Now, David’s mother, Frances, God rest her soul, once told me “never stifle a noble impulse,” and this seemed apt advice for this apparent suicide mission. So I raced to get the bee box out of the trunk of my car, where it’s lived ever since the last ill-fated swarm capture (see blog post “To Bee or Not to Bee,” April 2, 2012) and to collect our hats with bee veils and other protective gear and, most important, a roll of duct tape.

A couple of years ago, we had a swarm in this same tree, at about the same height. On that occasion, too, David used the extension ladder to get within range of the bees, who cleverly depend themselves near the ends of branches, where no ladder can be leaned. Using loppers, that time and this, he began clearing the field of action.

Meanwhile, I set about constructing, with neighbor Mark’s help, a repeat of the device we invented on that first occasion, which I christened the Chinese bee box. This consists of four 8-foot bamboo poles, duct taped to the corners of the cardboard box. Hoisted on these shaky extensions, the box can be placed directly under the swarm. David then shakes the branch, the bees fall into the box, et voilá! The swarm is captured.

Yesterday’s mission required that I ascend the extension ladder, too, as, even with extensions on the box it was impossible to reach the swarm without mounting at least four steps. As I was now wearing the bee veil, which is roughly similar to wearing dark glasses in a movie theater, and had duct taped my gloves to the cuffs of my coat, and my pants hems to the tops of my shoes, I was moving with somewhat less than fluid grace, and performed this maneuver, shaky apparatus in hand, with some difficulty.

So there David and I were, lined up on the ladder, the swarm mass tantalizingly out of reach to our left. I held the box up and out, positioning it as closely as possible under the bees. David gave the branch a mighty jerk. The bees obligingly fell into the box, en masse. And all seemed right with the world, except for my little part of it.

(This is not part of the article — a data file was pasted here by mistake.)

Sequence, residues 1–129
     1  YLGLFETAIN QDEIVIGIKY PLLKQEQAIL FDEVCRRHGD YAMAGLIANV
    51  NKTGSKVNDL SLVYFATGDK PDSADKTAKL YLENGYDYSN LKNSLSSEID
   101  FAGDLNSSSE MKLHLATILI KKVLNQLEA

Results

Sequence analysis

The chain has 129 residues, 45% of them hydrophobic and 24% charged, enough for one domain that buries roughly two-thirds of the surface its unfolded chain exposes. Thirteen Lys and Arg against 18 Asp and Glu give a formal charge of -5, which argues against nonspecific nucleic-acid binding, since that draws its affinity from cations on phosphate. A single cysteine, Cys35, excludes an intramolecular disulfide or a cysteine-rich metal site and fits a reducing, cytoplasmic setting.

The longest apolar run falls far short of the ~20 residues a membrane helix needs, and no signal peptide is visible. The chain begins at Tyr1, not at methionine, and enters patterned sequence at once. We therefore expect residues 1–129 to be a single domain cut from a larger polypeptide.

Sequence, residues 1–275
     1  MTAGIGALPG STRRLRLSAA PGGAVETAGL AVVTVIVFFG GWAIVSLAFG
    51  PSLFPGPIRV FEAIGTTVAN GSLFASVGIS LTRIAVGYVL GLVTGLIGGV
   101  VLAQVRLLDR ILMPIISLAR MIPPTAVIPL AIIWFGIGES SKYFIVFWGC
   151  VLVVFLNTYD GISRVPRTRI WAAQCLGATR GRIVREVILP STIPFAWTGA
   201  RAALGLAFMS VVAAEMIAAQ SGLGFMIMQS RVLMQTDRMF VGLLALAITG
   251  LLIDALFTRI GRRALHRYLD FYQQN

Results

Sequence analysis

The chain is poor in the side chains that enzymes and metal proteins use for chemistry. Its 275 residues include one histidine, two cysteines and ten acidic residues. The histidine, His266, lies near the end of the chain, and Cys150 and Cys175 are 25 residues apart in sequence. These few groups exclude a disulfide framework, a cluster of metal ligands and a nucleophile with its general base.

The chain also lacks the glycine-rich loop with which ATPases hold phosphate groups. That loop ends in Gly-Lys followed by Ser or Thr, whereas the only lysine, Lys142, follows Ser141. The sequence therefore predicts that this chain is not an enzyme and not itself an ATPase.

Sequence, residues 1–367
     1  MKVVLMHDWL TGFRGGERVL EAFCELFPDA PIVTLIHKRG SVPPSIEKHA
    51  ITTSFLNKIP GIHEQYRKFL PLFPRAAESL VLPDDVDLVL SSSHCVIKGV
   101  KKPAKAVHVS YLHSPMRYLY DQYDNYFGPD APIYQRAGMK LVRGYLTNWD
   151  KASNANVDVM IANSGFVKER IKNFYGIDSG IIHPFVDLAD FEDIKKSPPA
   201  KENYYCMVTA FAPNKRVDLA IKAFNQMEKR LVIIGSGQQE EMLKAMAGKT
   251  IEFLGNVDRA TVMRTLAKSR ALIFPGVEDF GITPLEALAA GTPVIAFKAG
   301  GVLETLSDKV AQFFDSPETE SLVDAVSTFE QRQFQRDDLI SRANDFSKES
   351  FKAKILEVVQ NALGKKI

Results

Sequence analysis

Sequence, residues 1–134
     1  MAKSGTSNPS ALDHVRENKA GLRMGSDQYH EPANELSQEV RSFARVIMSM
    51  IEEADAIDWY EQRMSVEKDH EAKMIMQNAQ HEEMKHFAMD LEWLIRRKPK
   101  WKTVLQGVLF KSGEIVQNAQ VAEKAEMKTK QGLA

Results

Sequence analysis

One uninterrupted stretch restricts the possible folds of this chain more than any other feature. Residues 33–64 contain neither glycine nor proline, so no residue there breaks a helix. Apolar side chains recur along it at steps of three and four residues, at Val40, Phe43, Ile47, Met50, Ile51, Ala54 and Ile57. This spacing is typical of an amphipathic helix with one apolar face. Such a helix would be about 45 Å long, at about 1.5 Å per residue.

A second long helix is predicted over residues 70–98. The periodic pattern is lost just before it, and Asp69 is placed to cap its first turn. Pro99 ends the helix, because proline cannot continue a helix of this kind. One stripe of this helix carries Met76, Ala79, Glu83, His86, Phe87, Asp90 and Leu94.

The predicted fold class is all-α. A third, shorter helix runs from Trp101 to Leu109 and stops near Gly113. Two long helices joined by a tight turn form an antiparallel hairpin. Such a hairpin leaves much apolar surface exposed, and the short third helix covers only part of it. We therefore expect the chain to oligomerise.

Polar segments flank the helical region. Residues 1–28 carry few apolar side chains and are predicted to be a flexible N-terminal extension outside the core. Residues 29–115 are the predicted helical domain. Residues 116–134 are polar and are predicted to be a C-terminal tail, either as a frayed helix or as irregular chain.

This requires your imagination: you’re about four feet above the ground – uneven ground that makes the ladder slightly shaky, to begin with; you’re half-blind, and bound in duct tape like a hostage; you’re holding up this ridiculous contraption that threatens to fall apart just from being hoisted; and SUDDENLY, about ten pounds of bees land smack dab on top of the whole outrageous contrivance, with a few hundred left over to cascade all over yourself. Even under your imaginary bee veil you can clearly see that this is a recipe for disaster!

Since I was holding the box out to my left, gravity was having its way with it,  and the box’s trajectory continued southward until, as my mother, God rest her soul, used to say, it was “listing towards Fisher’s.” Radically. The entire box was a hair’s breadth from going smash when I got my four sticks collected against my stomach, steeled my muscles and – as it hung wavering, minutely above the point of no return – slowly, by main strength, brought the box upright, again.